The Nevada caucus 2016 is here, and live results are available from a number of sources for those following the tight race between Hillary Clinton and Bernie Sanders.
After Hillary Clinton won a razor-thin close caucus in Iowa and Bernie Sanders responded with a resounding victory in New Hampshire, the races moves to Nevada on Saturday where the race is surrounded by a number of question marks. Nevada has very few polls compared to Iowa and New Hampshire, leaving an unclear picture about which candidate is leading. Adding to the uncertainty is the fact that Nevada has only held caucuses since 2008, making it even more difficult to predict who will show up to the polls and who won’t.
“It’s a total mystery what’s going to happen,” Lt. Gov. Mark Hutchison told Yahoo News. “The people who do this for a living are saying, ‘Who knows?'”
The latest polling from Nevada showed Clinton with a one point lead, but nationally Sanders has been gaining ground steadily. A new poll released Thursday by Fox News showed Sanders leading nationally for the first time, 47 percent to Clinton’s 43 percent.
“One thing that is clear from our poll — and others — is that Clinton has been losing support and Sanders has been gaining,” Democratic pollster Chris Anderson told Fox News. “And this process appears to have accelerated since the contests in Iowa and New Hampshire.”
There are others who say that essentially all polling in Nevada is pointless, as the state has a population that does not lend well to traditional polls. Much of its population works at night, when casinos and other tourist attractions are at their peak, but polling often takes place during the day. That means the people home to take polls are largely whiter and older than the population as a while.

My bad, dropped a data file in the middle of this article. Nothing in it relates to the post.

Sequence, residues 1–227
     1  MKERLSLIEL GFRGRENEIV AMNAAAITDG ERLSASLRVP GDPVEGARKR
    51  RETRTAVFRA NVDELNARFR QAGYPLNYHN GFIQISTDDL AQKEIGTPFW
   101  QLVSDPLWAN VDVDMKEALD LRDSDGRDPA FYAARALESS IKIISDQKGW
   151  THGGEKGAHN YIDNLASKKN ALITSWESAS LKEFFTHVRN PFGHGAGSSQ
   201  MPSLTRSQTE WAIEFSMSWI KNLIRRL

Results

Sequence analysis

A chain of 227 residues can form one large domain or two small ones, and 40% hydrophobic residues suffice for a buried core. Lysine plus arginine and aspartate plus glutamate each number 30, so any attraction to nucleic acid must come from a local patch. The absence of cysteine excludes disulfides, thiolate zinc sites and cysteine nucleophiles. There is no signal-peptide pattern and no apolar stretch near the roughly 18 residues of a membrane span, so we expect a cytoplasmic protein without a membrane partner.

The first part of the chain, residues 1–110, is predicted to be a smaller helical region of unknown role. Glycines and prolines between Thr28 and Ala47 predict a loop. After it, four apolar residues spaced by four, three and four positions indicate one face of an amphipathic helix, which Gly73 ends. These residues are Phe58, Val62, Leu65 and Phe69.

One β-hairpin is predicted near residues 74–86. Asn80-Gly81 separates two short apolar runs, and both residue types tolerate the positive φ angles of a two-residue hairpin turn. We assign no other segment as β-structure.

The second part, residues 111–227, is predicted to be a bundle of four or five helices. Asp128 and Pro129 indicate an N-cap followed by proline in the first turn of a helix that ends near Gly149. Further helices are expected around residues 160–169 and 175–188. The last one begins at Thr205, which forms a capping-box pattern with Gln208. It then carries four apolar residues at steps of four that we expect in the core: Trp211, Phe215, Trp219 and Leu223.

That was the case in 2008, when Hillary Clinton was polled at about 38 percent but ended up with 50 percent of the vote.
That makes the live results from the 2016 Nevada caucus something of a mystery, with no clear picture about who will take the lead or possibly make a late surge.
As the New York Times pointed, there could be some added drama for those following live results of the 2016 Nevada caucus. The Iowa caucus led to a handful of ties in precincts, with a coin toss determining the winner. Nevada has its own twist, and a very state-appropriate one.
“In the rare circumstances where two or more presidential preference groups are tied for the loss or gain of a precinct-level delegate and have the same lowest or highest decimal,” the state party says, “groups must draw a single card from a deck of cards to break the tie. High card determines the winner.”
There could be huge stakes for the 2016 Nevada caucus. With Sanders surging, a win could help him win over some of the more on-the-fence voters. That is especially important given the upcoming slate, which includes the heavily Clinton-leaning South Carolina. Sanders could have a chance to pick off some states on Super Tuesday, but would need to maintain what momentum he still has from winning in New Hampshire. A loss in Nevada, especially a larger one, could put that in jeopardy.
“Historically, lesser-known candidates beating establishment candidates in early contests have seen the biggest boost in their national support,” pollster Daron Shaw told Fox News.
[Picture by David Calvert/Getty Images]